I'd be lying if I said that director John Gulager didn't have style. He has quite a lot of it, actually, and some of his visuals are very nifty. But he doesn't stand a chance in Hell of being a good director if he's going to apply his style to something as vigorously stupid as Feast II: Sloppy Seconds. Even as far as direct-to-video sequels go, it's an abomination.
The plot is barely worth mentioning, but it involves a lot of characters with descriptive names like Biker Queen (Diane Goldner) and Bartender (Clu Gulager, John's father) — the latter of whom lived through the madness of the first Feast — trying to survive in a small town teeming with alien monsters. Other characters include a pair of Little People wrestlers named Thunder (Martin Klebba) and Lightning (Juan Longoria García). Yes, one of them wears one of those Lucha Libre masks for most of the movie. Yes, they wrestle each other.
The movie has no intention of being scary; it's far too self-aware for that, and tries to take a sort of Tarantino-lite approach to the material. As with most films that try to imitate Tarantino, this one does so miserably. Instead of being Death Proof, let's just say that Feast II would've been right at home as one of those fake trailers in the middle of Grindhouse. In fact, I'm almost positive that a crazy announcer voice would've made this much more watchable.
The first Feast was funny. It hearkened back to the boobs-and-blood days of '80s horror, and fit well enough into the mold of something more inspired like Evil Dead II. It was the end result of the third and final season of Project Greenlight, probably the only reality show worth a damn (so of course it was the only one no one watched), and I remember that at one point on the show, the producers got into a spat over scripts. Ben Affleck and Matt Damon were championing some oddball creative thing, while Chris Moore argued that if they wanted to keep the show going, they needed a commercially viable movie, which of course to him meant a dumber one. When they chose the Feast script by Patrick Melton and Marcus Dunstan, everyone was disappointed, especially considering the director they chose was as stylish as Gulager.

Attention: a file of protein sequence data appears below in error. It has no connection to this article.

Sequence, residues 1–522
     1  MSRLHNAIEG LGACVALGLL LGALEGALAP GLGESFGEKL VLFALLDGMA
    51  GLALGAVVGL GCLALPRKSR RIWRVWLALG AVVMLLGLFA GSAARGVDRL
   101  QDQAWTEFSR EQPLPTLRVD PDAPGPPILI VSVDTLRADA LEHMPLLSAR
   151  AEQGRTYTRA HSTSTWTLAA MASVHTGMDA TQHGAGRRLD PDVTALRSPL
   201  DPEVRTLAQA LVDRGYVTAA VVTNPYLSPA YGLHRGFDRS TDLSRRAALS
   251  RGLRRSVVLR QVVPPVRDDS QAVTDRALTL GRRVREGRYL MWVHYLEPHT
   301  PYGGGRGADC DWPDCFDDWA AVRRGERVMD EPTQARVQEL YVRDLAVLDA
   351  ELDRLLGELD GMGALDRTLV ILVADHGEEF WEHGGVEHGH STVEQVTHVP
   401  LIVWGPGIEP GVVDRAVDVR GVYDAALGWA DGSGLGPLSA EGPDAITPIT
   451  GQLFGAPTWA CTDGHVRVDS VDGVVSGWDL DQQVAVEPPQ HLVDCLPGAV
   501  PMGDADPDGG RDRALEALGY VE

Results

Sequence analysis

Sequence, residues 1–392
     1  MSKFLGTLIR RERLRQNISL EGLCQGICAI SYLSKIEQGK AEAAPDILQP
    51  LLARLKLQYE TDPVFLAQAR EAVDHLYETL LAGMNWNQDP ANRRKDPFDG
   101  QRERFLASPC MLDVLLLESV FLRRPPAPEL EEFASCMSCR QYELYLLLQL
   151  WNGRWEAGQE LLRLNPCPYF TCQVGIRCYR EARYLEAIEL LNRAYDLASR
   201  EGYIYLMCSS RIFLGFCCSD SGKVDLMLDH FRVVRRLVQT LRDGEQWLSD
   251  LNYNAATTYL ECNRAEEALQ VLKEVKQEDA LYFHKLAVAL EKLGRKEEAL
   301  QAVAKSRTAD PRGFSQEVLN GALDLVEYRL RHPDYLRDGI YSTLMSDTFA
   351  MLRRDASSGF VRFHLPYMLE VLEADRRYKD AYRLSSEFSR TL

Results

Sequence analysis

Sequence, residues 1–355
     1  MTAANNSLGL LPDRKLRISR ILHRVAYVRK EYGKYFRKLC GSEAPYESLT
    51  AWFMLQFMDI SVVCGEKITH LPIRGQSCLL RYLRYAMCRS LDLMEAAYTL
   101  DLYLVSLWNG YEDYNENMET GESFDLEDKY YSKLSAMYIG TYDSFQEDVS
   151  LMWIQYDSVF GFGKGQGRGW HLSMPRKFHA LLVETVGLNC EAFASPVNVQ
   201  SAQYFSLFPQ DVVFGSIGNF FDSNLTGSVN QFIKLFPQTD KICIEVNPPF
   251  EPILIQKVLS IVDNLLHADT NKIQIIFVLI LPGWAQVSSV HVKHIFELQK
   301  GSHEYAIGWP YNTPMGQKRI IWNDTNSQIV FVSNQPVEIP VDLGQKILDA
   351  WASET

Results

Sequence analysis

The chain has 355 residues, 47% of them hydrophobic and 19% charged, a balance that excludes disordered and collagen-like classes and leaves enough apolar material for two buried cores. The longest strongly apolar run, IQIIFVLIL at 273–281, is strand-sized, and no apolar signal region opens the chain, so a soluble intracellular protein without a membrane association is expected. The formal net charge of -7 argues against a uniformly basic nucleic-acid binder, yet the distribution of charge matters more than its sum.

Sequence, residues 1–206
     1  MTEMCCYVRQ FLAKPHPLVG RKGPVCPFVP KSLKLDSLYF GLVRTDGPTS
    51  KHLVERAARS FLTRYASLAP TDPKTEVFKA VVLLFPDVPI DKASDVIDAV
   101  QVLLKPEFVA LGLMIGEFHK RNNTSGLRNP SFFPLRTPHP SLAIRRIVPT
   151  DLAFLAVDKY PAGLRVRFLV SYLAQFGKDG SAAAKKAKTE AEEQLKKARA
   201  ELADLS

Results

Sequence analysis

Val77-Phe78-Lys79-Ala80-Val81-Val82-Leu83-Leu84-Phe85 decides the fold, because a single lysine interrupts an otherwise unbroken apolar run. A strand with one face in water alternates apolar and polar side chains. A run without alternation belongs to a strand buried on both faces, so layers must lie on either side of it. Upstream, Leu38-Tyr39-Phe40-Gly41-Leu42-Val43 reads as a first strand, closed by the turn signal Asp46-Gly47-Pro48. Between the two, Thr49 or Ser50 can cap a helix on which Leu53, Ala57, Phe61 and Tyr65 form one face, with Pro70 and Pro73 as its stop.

Ironically, Feast probably ended up as the least successful of the Project Greenlight movies, barely getting a theatrical release and winding up on DVD more than a year after the series had been canceled. I ended up renting the movie mainly for closure, but found myself surprisingly pleased with its utter lack of pretension; it just wanted to be a gory, goofy good time, and it was. I don't know exactly what went wrong with Feast II, but maybe it's that someone thought to make it at all. The joke worked the first time, but here they've run out of ideas.
The sequel's idea of a sense of humor is this: The characters manage to kill one of the monsters, and one of them decides they should dissect it to find out "what makes it tick." They never do find out, and the whole situation is useless, but that's beside the point. They begin taking apart the creature, and as they shift its organs around, the monster corpse starts farting up blood, and its gigantic monster penis starts pissing all over the place. At this, everyone in the room starts vomiting on one other. Oh, good one, haha.
That's Feast II in a nutshell. It makes no sense, it fails at gory Sam Raimi-like slapstick, and is so aggressively repulsive that it feels like the filmmakers were trying to put the audience through some kind of nightmarish endurance test. It exudes all the wit of two frat boys getting baked, which probably isn't that far off the mark.
I would say that John Gulager has a chance of being a good director if given decent material, but his next movie is Feast 3: The Happy Finish. So whatever.Powered by Sidelines